Many brides prep for their weddings by overhauling their diet, fitness, and skincare routines. While those three aspects will help you to look and feel like the best version of yourself on your wedding day, it's not an entirely holistic approach. If you're juggling work with wedding planning and feeling overwhelmed, then you know something is missing. Instead of pushing through, try adding meditation, which has both physical and mental benefits, to your routine. "Many people may think it's just another thing that will take time away from your checklist of things to do," says Evan Marshall, a meditation teacher at Caravan Wellness. "In reality, it gives you the time and clarity to step back and check in with yourself, and let you approach each task from a more grounded place."
Stress-relieving benefits can be seen right away, Marshall says, as it takes your body out of the fight-or-flight state. But you'll also see long-term changes, too. "I always say meditation is an inroad to making positive changes," Marshall says. "You may see yourself breaking bad habits and creating healthy lifestyle habits, fitness and nutrition wise. You start becoming aware of how you treat your body and what you put into it." That's why meditation can really help you to look and feel your best on your big day. Not only are you more mindful of how you're treating yourself, you're actually learning to be present, relaxed, and focused. Over time, you'll also likely find that you sleep better and have a stronger immune system—two things every bride-to-be certainly wants. If you're thinking about adding meditation to your pre-wedding wellness routine, read on.
Get started now.
It doesn't matter how long you meditate for, the important thing is to just start trying. To begin, you'll want to find a place that's quiet and isn't distracting to you—maybe in your room or outside somewhere. Once you've found your space, set a realistic goal for yourself. If three times a week for 45 minutes each session seems feasible, start there. If you can only plan for 20 minutes twice a week, that's okay, too.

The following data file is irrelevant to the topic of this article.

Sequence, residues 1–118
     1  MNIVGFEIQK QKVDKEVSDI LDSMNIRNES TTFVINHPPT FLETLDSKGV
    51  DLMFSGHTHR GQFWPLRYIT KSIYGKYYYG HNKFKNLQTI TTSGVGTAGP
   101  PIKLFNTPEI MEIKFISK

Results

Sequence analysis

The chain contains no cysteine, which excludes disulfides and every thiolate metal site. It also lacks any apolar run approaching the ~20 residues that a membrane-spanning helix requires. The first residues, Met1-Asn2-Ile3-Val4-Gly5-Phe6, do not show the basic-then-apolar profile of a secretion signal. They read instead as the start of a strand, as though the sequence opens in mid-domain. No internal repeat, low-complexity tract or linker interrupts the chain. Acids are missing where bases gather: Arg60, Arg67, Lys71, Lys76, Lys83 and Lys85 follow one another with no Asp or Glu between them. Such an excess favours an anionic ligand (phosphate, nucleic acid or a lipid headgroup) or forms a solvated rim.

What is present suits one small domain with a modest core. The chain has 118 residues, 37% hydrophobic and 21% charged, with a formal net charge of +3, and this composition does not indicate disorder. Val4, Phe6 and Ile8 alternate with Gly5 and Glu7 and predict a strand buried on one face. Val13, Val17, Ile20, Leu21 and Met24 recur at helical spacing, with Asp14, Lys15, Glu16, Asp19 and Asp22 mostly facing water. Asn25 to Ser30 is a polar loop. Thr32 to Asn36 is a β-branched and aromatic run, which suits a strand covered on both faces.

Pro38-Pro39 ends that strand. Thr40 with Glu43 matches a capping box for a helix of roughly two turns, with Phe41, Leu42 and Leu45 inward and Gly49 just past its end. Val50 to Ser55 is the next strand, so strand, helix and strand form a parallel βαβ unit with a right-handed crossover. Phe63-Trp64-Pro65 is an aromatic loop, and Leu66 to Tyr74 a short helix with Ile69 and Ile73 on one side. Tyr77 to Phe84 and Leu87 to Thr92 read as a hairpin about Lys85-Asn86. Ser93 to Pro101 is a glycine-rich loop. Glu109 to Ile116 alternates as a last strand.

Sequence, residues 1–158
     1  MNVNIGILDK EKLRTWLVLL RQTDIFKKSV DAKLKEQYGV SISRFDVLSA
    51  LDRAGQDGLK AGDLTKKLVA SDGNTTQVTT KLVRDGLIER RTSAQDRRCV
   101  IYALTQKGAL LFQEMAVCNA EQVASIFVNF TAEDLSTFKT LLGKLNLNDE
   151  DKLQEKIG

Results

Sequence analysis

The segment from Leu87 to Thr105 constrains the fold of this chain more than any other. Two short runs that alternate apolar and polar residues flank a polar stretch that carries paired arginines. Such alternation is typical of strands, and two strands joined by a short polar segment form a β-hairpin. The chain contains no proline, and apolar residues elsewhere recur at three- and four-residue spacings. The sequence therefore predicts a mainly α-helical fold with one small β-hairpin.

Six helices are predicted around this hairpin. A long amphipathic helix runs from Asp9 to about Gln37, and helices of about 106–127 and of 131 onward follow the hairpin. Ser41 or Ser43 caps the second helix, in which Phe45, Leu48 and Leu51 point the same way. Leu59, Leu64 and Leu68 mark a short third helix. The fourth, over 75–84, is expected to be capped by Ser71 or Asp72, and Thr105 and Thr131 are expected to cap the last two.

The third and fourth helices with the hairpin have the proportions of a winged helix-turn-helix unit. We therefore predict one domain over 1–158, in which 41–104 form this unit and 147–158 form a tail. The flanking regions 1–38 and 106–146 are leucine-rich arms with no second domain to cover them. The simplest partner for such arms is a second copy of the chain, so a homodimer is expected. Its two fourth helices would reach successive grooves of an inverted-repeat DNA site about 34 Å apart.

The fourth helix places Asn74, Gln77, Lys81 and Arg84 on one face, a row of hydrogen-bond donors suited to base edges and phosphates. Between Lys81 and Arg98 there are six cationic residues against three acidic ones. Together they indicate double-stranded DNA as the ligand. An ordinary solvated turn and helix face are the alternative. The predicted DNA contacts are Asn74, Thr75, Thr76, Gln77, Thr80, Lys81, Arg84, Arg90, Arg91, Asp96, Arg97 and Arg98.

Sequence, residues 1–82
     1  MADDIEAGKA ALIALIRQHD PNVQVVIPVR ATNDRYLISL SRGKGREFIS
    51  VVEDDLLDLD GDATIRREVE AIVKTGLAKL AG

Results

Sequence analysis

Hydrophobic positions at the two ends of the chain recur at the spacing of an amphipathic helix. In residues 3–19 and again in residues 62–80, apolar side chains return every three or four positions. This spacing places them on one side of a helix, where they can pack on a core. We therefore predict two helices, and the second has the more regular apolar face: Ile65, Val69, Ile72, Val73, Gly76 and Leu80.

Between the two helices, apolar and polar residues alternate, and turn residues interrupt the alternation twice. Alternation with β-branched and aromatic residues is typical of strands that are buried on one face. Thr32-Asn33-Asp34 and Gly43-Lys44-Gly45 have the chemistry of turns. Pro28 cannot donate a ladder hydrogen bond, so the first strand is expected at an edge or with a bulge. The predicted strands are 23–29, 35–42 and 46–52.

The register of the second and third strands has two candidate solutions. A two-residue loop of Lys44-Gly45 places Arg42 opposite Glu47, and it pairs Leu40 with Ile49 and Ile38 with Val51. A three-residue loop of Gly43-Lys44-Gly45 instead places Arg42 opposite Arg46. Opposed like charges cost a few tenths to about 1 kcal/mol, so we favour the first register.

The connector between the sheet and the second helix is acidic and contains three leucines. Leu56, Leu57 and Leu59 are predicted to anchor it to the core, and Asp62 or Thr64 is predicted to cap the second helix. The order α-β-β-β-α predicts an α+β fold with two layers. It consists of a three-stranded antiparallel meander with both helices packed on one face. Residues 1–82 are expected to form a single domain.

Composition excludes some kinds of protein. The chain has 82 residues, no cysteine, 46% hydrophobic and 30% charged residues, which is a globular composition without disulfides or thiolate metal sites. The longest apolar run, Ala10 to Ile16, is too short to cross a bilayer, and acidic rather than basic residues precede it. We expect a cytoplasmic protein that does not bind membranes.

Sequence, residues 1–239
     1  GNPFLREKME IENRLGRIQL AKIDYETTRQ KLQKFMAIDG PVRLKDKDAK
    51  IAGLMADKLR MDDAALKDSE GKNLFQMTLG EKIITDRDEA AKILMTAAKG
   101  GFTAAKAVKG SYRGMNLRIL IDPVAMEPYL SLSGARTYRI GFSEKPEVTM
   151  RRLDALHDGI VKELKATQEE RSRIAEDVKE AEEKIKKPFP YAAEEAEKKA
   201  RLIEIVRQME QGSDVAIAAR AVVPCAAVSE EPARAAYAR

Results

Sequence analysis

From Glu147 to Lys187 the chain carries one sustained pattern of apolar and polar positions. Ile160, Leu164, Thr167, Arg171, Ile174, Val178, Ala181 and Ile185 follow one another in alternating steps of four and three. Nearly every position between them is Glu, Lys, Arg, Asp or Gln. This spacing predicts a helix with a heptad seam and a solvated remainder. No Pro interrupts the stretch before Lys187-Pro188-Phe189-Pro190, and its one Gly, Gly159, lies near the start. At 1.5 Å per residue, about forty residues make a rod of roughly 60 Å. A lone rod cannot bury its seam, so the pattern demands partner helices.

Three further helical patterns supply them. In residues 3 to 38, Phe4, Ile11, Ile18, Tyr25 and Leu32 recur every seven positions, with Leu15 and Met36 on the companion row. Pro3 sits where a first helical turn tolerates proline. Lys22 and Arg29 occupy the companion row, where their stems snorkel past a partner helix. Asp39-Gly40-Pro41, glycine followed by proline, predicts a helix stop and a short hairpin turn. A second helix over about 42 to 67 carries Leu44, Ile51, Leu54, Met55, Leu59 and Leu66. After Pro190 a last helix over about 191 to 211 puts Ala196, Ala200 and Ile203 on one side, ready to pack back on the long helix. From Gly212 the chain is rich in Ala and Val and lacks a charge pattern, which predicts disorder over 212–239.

Although it's easier said than done. If you feel like you have trouble sitting still, Marshall can empathize. "When meditation was first introduced to me, it very uncomfortable," he says. "I always wanted to move and my thoughts were all over the place until a teacher said that before you start meditating you have to prepare by doing gentle movements. Walk slowly around the room or in a circle; then find the position that's most comfortable to you."
Start your way.
You don't have to jump straight into a meditative state. Get in tune with your body by taking deep breaths, then go into meditation. If your mind starts to wander, Marshall recommends pinpointing something to focus on, whether it's the way your clothes feel on your skin, the temperature in the room—anything that resonates with you. On that note, there isn't one way to meditate: "If you're a daydreamer, and sitting still with your eyes closed makes you want to fall asleep, you can meditate looking toward the floor to stay more present. If you're someone who always makes lists in your head, looking around the room and finding tasks that need to be done, meditating with your eyes closed can help you stay present. It all depends upon the individual," Marshall says.
Know it's not a production.
Meditating doesn't have to be a big, long and drawn-out event. In fact, you can do it almost anywhere, including standing in line at the grocery store or commuting to work on a busy subway. "All you have to do is follow your breath in and out of your body," Marshall says. "Really, breathing is such an incredible tool. If you're on the subway for two stops, just think, all I will do for these two stops is think about my breath. You can become empowered and adaptable to your external environment, which is always changing. Breath immediately changes the fluctuations of your mind."